Gamers (2006)…let me elaborate.

So I’ve had a couple of stressful days away from this film, and I have a few more things to ad. 

My biggest issue with this film is how very crappy the characters are as people. We’ve got (and I’m stealing most of this from the sparse tvtropes.org page):

  • Paul: A telephone relay operator who lives with his parents. 
  • Gordon: A low-level public television employee who lives with his parents.
  • Kevin: The GM. A musician (in the loosest sense of the word) who rents a room from his grandparents. Kevin insists on never fraternizing with the players outside the game.
  • Fernando: Sent to America from Argentina after he embarrassed his family by sucking at “the soccer”. Fernando supposedly learned English by playing DND. Lives with his girlfriend but suspects correctly that she is cheating on him. He jerks off horses for a living.
  • Reese: A late addition to the group who none of the other players much care for. Fills just about every stereotype of the annoying and creepy gamer. Lives in a one bedroom apartment with his mother.

These characters gave me nothing. NOTHING to care about. They’re either losers, creepy weirdos, or jerks (see what I did there?). They don’t even seem to like each other. Why should I care about them, or their gaming streak, or any of the weird, stupid stuff that happens to them? I’ve got my own problems, that involve real games. 

I may have issues with GamerZ ( which I’ll get too soon, i hope. Also, can we decide on something DIFFERENT for a gamer movie title from now on?), but at least I thought the characters were interesting, if not likeable. They were strange, but they were strange in a way that made you WANT to see what happened next. Gamers started right away with the gags and crappy jokes, and gave you nothing. I payed for this movie, with real money. Don’t waste yours. Or do, I’m not a cop.

Advertisements

Diceroller Flicks: Gamers (2006)

This movie sucks. I was originally planning on saving my negative reviews for video reviews, But I don’t have too much to say about this one.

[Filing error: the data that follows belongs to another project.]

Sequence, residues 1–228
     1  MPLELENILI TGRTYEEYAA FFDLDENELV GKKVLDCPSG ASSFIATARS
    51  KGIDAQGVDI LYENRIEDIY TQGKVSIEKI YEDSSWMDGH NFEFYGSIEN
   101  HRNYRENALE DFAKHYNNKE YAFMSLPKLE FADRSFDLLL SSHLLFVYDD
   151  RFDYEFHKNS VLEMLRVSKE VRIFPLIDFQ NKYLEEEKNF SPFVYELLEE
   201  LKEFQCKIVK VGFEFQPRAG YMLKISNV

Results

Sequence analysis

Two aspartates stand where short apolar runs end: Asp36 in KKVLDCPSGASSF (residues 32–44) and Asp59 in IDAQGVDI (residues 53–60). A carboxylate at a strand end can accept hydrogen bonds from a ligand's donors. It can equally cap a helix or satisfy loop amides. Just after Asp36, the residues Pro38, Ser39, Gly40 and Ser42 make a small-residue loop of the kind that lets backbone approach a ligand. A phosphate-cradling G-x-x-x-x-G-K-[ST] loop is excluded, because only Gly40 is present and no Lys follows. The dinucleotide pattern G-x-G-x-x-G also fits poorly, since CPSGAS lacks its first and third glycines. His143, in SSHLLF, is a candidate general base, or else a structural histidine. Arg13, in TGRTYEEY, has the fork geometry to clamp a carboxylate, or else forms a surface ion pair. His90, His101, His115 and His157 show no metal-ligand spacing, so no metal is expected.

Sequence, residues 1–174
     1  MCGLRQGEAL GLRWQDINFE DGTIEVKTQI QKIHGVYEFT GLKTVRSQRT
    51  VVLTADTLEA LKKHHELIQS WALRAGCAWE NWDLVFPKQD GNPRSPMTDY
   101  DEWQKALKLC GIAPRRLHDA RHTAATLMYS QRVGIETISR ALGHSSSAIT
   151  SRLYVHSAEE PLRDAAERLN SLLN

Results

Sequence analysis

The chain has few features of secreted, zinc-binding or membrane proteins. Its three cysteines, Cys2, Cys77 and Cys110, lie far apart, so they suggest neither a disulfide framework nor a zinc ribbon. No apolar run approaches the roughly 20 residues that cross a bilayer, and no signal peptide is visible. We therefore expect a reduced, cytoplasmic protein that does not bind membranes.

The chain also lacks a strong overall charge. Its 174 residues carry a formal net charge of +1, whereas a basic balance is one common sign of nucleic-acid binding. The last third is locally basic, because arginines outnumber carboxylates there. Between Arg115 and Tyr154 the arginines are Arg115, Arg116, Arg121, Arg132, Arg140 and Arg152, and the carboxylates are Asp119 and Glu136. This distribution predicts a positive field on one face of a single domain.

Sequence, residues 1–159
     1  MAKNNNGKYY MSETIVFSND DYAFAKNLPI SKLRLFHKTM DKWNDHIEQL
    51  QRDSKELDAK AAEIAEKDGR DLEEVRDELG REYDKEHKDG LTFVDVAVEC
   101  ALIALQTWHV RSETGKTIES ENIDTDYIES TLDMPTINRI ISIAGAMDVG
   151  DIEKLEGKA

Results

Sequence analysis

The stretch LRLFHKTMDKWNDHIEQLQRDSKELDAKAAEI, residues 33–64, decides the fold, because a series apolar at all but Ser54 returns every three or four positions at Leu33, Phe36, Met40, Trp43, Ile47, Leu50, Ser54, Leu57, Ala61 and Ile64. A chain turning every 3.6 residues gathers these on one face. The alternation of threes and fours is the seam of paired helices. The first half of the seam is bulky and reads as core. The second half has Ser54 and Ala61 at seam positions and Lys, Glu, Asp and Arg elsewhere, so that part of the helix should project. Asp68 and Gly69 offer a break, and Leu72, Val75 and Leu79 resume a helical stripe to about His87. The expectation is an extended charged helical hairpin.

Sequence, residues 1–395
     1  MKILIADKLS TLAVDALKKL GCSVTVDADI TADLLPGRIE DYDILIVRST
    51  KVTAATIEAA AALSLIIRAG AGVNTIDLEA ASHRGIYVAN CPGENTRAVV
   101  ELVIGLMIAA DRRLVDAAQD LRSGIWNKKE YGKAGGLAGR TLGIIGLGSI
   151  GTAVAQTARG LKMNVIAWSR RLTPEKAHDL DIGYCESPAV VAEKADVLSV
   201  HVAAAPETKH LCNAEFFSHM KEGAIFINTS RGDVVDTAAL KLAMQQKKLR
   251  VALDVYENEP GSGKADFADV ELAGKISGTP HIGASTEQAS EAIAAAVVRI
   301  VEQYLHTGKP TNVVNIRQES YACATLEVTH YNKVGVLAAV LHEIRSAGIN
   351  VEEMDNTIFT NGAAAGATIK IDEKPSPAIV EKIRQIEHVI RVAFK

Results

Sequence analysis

This movie pisses me off. The cover is really presumptious. “5 out of 5 stars” says efilmcritic.com. “Old School funny” says John Gaudiosi of AOL Games. Based on the capitalization, I’m assuming they mean the Will Ferrel film? But the real doozy of a blurb is on the back. “Funnier than Knocked Up and Superbad combined”. I’ll let that speak for itself.

But the cover isn’t done name-dropping. Kelly Lebrock of Weird Science fame. William Katt, the former Greatest American Hero. John Heard. And Beverly D’Angelo. So a bunch of has-been cult icons and the dad from Home Alone. They’re top billed on the box (not even mentioning the main cast), and they’re all cameos.

The movie is shot documentary style and is about a group of losers in their forties, they live with their parents (or grandparents, as it may be). They’re all maladroit weirdos who care waaay too much about DND (Demons, Nymphs, and Dragons. Thanks copywrite!). They’re about to break the record for Longest Continuous Campaign, at 74,558 hours over twenty years.

If you’re a fan of dick jokes, you might like this film. If you’re a fan of homo jokes, you might like this film. If you’re a fan of gross-out humor, you might like this film.

I did not.

“Funnier than Knocked Up and Superbad combined”? Sure, if you took out all of the charm, and the likeable characters.

Portrayal of RPGs – 2/5

There ARE RPGs in this movie. They aren’t really looked at too closely. There are dice, and character sheets, and people sitting around a table.

The Plot – 1/5
To be fair, there IS a plot. It’s not that important to the movie.

 

It baffles me that it got as much as a 41 percent on rottentomatoes.com, and a 7.1 on IMDB. I had more fun listening to the answering machine gag on the main menu screen of the DVD than I did watching the film.